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Senate To Vote On New Unemployment Bill That Targets Millionaires

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WASHINGTON -- The Senate will vote Thursday on new legislation to restore unemployment insurance for more than a million workers whose benefits stopped short last month.

To win Republican votes, Sen. Jack Reed (D-R.I.) announced that the bill would ban millionaires from receiving unemployment insurance, a proposal that has previously won unanimous support in the Senate but did not become law.

"This will be a crucial vote and a critical test of whether Congress can listen to the American people and come together to do what is in the best interest of our economy," Reed said in a press release.

Reed's legislation will revive the benefits for three months, rather than the full year Democrats had previously demanded. It's unclear if enough Republicans will support the legislation for Democrats to overcome the 60-vote threshold required to break a GOP filibuster. Even if it passed the Senate, the measure would face long odds in the House.

As it normally does when the economy tanks, Congress gave the unemployed extra weeks of benefits in 2008, reauthorizing the federal compensation several times until letting it expire in December for 1.3 million workers. Without federal benefits, state-funded jobless aid lasts six months. Each week since the federal insurance lapsed, another 70,000 workers reached the end of their state benefits, bringing the total who've missed checks to 1.7 million.

Reed's office said the $6.4 billion cost of the benefits would be offset by "pension smoothing," allowing companies to make smaller pension contributions, resulting in higher profits and therefore more tax revenue for the government in the short term.

Republicans have insisted that the cost of another unemployment reauthorization be offset, but they have complained that Senate Majority Leader Harry Reid (D-Nev.) won't let them offer their own offsets or reforms to the unemployment insurance system.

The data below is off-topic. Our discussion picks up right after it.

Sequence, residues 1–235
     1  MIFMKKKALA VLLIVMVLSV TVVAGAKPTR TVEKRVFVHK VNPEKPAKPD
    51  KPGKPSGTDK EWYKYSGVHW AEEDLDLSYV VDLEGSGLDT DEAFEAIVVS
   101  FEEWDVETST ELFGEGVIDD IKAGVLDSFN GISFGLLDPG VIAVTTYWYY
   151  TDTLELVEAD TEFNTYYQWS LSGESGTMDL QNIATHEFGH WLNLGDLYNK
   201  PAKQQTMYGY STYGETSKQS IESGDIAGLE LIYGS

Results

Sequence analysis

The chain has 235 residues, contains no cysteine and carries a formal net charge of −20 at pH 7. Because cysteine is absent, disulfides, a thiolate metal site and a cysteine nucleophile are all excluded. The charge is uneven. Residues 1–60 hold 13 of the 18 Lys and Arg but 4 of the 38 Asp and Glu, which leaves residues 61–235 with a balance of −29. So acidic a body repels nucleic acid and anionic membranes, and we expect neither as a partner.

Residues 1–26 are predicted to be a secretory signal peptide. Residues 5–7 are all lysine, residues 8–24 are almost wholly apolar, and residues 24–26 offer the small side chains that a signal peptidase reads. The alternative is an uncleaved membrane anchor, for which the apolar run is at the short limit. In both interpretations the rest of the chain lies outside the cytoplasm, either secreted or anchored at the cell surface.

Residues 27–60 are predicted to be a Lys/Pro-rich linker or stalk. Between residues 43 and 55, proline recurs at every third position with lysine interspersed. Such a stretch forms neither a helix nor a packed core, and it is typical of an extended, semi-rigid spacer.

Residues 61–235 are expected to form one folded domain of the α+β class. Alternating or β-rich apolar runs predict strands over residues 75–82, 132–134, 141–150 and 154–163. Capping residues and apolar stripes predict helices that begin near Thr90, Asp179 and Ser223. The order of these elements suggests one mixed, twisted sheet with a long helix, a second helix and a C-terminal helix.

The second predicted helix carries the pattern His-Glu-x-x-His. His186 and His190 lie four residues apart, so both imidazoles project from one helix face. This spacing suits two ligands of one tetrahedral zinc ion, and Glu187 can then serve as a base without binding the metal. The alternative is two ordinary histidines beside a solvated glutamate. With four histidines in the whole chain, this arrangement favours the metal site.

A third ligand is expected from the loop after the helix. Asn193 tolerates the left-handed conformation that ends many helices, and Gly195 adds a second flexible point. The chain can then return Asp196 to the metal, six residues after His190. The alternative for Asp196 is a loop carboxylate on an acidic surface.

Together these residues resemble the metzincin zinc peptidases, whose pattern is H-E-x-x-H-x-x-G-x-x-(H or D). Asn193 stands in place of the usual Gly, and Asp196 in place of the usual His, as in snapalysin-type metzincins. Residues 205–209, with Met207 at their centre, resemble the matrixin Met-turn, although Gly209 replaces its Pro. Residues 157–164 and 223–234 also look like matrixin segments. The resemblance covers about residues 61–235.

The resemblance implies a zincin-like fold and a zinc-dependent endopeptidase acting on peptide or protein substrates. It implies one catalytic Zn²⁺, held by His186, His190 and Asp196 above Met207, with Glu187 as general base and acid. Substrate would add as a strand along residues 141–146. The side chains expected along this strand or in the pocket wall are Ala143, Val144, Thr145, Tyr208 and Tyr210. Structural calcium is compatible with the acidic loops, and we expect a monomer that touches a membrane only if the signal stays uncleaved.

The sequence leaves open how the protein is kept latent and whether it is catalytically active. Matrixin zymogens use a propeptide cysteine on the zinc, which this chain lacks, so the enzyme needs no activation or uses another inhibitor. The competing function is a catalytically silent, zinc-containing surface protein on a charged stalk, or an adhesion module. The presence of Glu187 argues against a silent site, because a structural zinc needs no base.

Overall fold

That's where the millionaires come in. Unlike other safety net programs such as food stamps and Medicaid, Americans don't become eligible for unemployment insurance by being poor; rather, they have to have been laid off through no fault of their own after many months of employment. There is no income limit.

Reed's legislation would require workers to certify that their adjusted gross income wasn't more than $1 million in the previous year.

According to the Congressional Research Service, more than 3,000 Americans with annual incomes above $1 million received unemployment insurance in 2010. Banning the millionaires would save only $20 or $30 million per year, a tiny fraction of the overall cost of the benefits. But it would have symbolic value to lawmakers.

"Allowing individuals who earned more than $1 million last year to collect unemployment benefits is indefensible," Sen. Tom Coburn (R-Okla.), the leading proponent of banning millionaires from unemployment insurance, said in 2011. "This is a common sense, bipartisan spending cut."

Asked if Coburn would support Reed's bill, a spokesman said simply that the Oklahoma Republican believes the best unemployment insurance program is a job.

Reed acknowledged that three months isn't a very long time.

“I know this is just a short-term solution," he said. "I support a long-term solution and will continue to press for that. But even if we can help get people through to spring, when construction activity picks up and more jobs become available, it will provide a lift to our economy."

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